Ape House, the new novel by Sara Gruen, is actually two stories revolving around the bonobo apes which are a part of the Great Ape Language Lab. Dr. Isabel Duncan has dedicated her life to her apes, which she considers family; John Thigpen is a struggling reporter assigned to write a story about them. When an explosion destroys the Lab and Isabel is gravely injured, the worst calamity that can happen does: the apes are sold to a man whose sole objective is to create a reality television show based on their lives and antics. Isabel's recovery becomes as much about retrieving her "family" as about physical healing; John, while battling his own career, finds himself caught up in the resulting media circus as he investigates just how the apes were acquired for Ape House.
There's a lot going on in Ape House, and it's usually inter-connected. Isabel's fiance, Peter, is a shady character from the start, and his actions only get murkier as the story unfolds. John's wife Amanda, also a writer, succumbs to the pressure of Hollywood's superficiality when she moves alone to L.A. to pursue her career. John's integrity is questioned; Isabel's life falls apart. Things degenerate and the apes very survival becomes unknown. And perhaps upon reflection, this is the biggest issue I have with Ape House: focus. Are we most worried about the apes, Isabel's recovery, John's marriage or his career?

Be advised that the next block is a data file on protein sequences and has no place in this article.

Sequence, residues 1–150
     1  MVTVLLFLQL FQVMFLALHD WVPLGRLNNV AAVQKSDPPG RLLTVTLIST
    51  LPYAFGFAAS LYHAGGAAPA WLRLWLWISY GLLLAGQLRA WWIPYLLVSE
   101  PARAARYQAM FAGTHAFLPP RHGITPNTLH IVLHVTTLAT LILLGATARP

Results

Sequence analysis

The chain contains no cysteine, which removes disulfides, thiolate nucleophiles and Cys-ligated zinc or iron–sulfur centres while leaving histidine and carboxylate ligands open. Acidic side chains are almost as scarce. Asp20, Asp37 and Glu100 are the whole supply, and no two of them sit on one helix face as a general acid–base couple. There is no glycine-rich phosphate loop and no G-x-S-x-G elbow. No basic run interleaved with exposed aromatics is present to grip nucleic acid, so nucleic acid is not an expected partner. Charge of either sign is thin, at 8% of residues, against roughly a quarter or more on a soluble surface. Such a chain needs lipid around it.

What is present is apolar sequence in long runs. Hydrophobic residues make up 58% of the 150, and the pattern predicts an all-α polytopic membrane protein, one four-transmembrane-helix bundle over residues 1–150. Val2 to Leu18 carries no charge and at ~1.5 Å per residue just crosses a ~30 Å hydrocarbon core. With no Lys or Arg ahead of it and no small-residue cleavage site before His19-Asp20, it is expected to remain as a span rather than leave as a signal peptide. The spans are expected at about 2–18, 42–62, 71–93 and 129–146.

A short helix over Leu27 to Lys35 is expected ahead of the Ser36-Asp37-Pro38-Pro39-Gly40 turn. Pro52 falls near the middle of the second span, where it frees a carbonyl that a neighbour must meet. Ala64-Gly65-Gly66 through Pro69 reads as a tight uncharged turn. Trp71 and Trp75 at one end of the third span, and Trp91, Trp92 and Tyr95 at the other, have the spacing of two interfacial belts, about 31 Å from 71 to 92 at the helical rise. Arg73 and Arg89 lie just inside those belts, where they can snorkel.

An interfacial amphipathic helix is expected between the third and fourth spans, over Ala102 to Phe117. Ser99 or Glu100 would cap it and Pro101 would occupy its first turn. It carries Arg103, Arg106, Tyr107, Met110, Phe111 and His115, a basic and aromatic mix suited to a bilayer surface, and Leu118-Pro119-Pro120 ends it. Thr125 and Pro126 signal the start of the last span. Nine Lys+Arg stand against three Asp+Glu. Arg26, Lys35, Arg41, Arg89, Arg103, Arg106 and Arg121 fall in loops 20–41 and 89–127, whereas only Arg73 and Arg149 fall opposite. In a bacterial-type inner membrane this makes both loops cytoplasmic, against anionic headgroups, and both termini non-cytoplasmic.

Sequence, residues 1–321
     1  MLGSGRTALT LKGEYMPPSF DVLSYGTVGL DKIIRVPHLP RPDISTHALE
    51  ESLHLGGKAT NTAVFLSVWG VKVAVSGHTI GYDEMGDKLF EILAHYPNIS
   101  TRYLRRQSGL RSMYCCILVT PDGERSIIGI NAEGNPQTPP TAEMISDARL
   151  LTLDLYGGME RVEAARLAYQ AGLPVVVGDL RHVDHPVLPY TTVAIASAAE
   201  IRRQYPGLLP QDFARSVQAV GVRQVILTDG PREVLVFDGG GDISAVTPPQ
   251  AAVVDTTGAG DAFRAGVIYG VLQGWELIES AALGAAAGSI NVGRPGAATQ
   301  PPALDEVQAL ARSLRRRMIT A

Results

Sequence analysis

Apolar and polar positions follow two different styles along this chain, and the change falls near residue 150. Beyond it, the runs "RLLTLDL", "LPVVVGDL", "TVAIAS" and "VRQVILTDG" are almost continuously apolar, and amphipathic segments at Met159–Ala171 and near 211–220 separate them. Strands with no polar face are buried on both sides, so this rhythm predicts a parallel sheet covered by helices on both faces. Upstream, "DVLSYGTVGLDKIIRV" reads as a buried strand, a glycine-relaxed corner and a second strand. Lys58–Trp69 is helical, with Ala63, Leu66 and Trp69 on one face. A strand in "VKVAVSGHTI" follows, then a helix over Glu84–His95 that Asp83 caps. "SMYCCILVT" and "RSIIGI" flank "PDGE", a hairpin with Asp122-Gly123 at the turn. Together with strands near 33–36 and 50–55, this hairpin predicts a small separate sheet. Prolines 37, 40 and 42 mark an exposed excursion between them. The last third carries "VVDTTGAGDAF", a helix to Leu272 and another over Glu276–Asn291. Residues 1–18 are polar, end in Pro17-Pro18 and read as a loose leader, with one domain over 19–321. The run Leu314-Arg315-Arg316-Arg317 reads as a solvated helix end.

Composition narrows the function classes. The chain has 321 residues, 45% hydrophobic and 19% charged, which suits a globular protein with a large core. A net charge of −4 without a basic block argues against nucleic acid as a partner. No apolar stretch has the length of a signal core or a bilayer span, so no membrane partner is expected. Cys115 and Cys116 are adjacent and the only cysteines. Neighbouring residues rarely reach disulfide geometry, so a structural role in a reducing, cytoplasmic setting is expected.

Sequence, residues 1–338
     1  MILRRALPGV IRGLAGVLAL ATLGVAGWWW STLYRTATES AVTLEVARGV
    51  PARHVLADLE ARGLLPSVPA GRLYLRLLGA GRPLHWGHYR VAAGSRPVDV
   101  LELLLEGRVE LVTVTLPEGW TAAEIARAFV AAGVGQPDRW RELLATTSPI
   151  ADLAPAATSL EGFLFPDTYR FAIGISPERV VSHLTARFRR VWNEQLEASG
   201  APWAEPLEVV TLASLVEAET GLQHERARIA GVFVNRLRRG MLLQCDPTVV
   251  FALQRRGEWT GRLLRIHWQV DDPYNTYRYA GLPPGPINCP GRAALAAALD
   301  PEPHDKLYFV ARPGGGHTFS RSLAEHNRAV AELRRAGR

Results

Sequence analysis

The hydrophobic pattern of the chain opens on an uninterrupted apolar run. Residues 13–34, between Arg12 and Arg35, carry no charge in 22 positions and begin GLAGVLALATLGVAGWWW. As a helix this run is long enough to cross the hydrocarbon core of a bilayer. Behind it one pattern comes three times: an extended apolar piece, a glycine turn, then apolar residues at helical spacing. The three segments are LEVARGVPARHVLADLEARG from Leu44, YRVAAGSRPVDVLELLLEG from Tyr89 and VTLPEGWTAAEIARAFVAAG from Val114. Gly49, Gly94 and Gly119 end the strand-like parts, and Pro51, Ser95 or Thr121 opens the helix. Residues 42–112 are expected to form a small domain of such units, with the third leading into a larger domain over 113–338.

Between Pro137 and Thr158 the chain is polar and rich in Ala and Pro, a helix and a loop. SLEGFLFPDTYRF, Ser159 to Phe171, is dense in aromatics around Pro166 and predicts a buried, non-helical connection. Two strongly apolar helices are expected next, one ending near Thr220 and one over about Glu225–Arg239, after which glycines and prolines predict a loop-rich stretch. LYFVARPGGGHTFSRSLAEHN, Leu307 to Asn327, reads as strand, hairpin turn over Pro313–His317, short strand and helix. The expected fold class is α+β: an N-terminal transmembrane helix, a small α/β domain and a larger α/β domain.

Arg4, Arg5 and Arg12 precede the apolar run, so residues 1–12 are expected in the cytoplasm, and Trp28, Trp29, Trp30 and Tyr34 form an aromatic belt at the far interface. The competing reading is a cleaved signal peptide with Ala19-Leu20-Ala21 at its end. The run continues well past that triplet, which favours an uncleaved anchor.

Ape House is engaging, fun, and well written, and I really enjoyed the characterizations, even if a couple (Ivanka? Celia?) were over the top. John and Isabel are both entirely believable, if terribly gullible. It's a fast read and the bad guys are never really in question. The ending, however, is very rushed, with a couple of plots (Isabel's love life; John's jail stay) glossed over irritatingly. The true stars of the story, however, are the apes themselves. Gruen's research is impeccable and she's a master at writing animals. I just would like her to stick with a theme and play it out to its ultimate conclusion without throwing in the kitchen sink along the way. Still, I'm rounding up from 3.5 stars for overall enjoyment and my delight in the bonobo apes.